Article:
How UCLA Rates Applicants
There are only three factors that UCLA ranks as being “very important” to their admissions process: rigor of secondary school record, GPA, and application essays. Factors rated as “important” are: talent/ability, character/personal qualities, extracurricular activities, volunteer experience, and work experience. “Considered” factors are: first-generation status, geographical residence, and state residency.
UCLA, along with all other University of California campuses, dropped all use of standardized testing starting with the Class of 2025 (those applying in the 2020-21 admissions cycle). This makes the traditionally holistic review process at UCLA even more pronounced.
In the admissions office’s own words: “Selection is based on a comprehensive review of all information—both academic and personal—presented in the application. All applications are read twice, in their entirety, by professionally trained readers. After independently reading and analyzing a file, the reader determines a comprehensive score that is the basis upon which the student is ultimately admitted or denied.”
Possessing one of the premier athletic programs in the country, it most definitely helps if you are recruited as an athlete to join one of UCLA’s 25 Division I sports teams. A great number of incoming students are designated as “recruited athletes” each year, including (according to most recent numbers available), 85% of the football team. Recruited athletes possessed GPAs far below the average for the pool of general admits.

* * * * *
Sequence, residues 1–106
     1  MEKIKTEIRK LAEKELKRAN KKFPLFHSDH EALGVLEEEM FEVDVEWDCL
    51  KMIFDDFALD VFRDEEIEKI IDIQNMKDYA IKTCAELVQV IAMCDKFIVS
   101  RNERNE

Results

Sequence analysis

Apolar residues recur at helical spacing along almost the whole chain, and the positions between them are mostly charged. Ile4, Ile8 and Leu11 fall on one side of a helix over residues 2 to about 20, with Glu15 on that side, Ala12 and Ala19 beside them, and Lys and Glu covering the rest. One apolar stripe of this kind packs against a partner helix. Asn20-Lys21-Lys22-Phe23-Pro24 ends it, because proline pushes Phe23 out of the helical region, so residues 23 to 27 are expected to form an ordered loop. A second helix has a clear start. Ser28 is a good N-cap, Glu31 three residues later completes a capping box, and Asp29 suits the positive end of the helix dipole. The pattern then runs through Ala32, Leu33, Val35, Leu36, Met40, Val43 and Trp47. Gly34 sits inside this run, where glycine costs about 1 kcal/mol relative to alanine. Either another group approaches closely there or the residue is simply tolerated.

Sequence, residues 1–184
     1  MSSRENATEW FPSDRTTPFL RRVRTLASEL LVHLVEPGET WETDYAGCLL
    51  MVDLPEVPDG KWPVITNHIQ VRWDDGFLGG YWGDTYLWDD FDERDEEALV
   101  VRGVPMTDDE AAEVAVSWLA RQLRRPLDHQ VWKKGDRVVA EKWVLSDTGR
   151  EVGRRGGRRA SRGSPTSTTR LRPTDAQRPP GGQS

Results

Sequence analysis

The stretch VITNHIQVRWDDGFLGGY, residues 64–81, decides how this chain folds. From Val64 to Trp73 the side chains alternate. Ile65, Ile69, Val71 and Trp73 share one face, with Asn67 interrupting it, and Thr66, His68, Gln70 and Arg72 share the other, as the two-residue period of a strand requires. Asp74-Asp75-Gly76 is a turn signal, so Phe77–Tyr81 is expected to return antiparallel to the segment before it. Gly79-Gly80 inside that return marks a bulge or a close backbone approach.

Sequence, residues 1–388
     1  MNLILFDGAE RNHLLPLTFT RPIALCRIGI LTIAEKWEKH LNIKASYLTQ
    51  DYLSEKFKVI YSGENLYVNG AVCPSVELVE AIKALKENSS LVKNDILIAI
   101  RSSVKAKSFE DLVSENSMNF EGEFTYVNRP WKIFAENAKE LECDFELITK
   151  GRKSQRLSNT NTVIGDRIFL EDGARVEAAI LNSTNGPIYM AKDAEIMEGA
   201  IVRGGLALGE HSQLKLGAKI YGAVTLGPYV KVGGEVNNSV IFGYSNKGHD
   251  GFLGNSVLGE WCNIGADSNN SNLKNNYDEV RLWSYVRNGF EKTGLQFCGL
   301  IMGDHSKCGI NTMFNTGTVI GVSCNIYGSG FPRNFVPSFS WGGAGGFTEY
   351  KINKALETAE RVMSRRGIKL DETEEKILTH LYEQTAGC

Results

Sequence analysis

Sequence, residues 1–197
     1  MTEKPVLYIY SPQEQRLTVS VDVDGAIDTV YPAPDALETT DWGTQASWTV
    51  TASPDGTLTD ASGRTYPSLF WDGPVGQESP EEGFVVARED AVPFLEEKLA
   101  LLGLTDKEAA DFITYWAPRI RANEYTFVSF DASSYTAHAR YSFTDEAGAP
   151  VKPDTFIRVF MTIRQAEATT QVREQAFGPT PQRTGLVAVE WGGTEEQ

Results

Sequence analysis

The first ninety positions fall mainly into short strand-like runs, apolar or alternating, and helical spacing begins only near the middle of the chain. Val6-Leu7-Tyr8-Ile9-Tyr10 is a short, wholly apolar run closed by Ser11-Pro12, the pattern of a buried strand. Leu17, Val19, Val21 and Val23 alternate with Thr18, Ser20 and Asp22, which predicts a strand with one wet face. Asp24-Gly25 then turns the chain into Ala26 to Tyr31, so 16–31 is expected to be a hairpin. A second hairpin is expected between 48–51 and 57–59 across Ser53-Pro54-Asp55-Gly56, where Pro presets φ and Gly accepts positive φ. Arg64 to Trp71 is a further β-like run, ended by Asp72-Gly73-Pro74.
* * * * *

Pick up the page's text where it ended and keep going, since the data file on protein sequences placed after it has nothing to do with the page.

Tips for Applying to UCLA
If you plan on joining the 130,000+ Bruin hopefuls for the next admissions cycle, you should know the following:
While a holistic process, UCLA does not offer interviews.
UCLA does not consider “demonstrated interest” in the admissions process.
Make sure to dedicate sufficient time and effort to the supplemental essays required by UCLA. In the 2021-22 cycle, there were eight total prompts, and applicants must respond to four. Each response is limited to maximum of 350 words.
1) Describe an example of your leadership experience in which you have positively influenced others, helped resolve disputes or contributed to group efforts over time.
2) Every person has a creative side, and it can be expressed in many ways: problem solving, original and innovative thinking, and artistically, to name a few. Describe how you express your creative side.